Readers Listen Up

Great writers have always intrigued their readers. As a kid, I adored fantasy and science fiction books. Piers Anthony was, in my adolescent heart, a superstar. After reading A Spell for Chameleon, I remember trying to find out anything about him—where he lived, what he ate for breakfast. I would have gobbled up anything I could find, but I think all I came up with was that he lived in England.

author_IMG_2860This, of course, was life before the Internet and Wikipedia. Later on, I couldn’t find out much about Anne Rice either. On the paperback version of The Mummy, I was given the tiny nugget, “Anne Rice was born in New Orleans, where she now lives with her husband, the poet Stan Rice, and their son, Christopher.”

One time Stephen King stepped out from behind his typewriter, and was interviewed by Writer’s Digest. I remember reading, and re-reading, an article about how he described The Craft. I practically memorized his take on being a writer. He’s not much different today. He advises that all writers be voracious readers, and I tend to agree.

As an author, a screenwriter, and Hollywood tagline writer, I’m sometimes surprised how many times I’m asked the same questions. But, as a reader, I understand that yearning to find out. Readers want to know how writers create characters, and what inspired the story. (And there’s always a back-story to the story. That goes for movies, as well.) Readers want details on how the plot was constructed because it left them turning pages late into the night.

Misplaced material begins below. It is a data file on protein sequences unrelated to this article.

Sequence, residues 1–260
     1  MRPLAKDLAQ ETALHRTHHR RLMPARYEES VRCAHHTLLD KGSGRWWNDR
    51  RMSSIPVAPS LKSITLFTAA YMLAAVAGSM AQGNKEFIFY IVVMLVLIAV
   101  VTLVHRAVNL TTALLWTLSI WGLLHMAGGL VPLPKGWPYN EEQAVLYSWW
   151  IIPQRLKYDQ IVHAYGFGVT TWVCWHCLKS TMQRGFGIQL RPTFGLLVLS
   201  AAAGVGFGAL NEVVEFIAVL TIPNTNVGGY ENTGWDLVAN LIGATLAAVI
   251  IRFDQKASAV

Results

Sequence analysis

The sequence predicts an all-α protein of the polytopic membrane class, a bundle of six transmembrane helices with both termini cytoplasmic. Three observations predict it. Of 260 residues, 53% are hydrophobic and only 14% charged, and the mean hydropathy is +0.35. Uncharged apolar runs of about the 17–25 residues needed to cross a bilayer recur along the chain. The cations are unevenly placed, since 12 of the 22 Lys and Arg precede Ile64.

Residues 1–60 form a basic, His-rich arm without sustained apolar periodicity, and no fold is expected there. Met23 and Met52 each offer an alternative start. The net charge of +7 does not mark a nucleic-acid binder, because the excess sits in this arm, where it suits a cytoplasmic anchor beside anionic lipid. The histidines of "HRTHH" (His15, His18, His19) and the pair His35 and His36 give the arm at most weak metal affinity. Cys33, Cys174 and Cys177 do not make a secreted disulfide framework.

This isn’t a spoiler alert, but I was asked by a woman at my literary agency, Dupree/Miller, why a dog had to die in one of my books. And was the dog really dead? It wasn’t so much a question as a demand. She demanded to know!

I’m also asked about the writing process—do I map out the story, or write off-the-cuff? Do I use the same technique every time? What are the similarities and differences in writing a screenplay versus a novel? And what about those taglines? How do you come up with them? Personally, I wondered about Peter Straub’s Ghosts’ tagline: “What you can’t see can scare you to death.” It bugged me for years. And what’s a tagline doing on the cover of a book?

One of the great things about being a reader in this day and age is that you can find out about your favorite author online. Dig a little deeper and you’ll probably find your author interviewed on Youtube, a Vlog or Blog, or a radio podcast.

I gave a radio interview the other day. (One of many I’ve been doing lately.) Click HERE to listen to the interview on Culture Wars, a radio program out of New York/New Jersey.

I actually like talking shop with interviewers. Maybe it’s all those years spent in public relations. Among some of the things readers want to know wasn’t just the details of my work, and how I do my work, but they want to know about me. The way I wanted to know what kind of dog Piers Anthony had… if he, in fact, had a dog. Or if Anne Rice had ever met a vampire.

Okay, I don’t really want to know that.

Yes, I do.

Jennifer B. White is an award-winning director, writer and Hollywood copywriter and tagline writer. All her opinions and photos are her own.  

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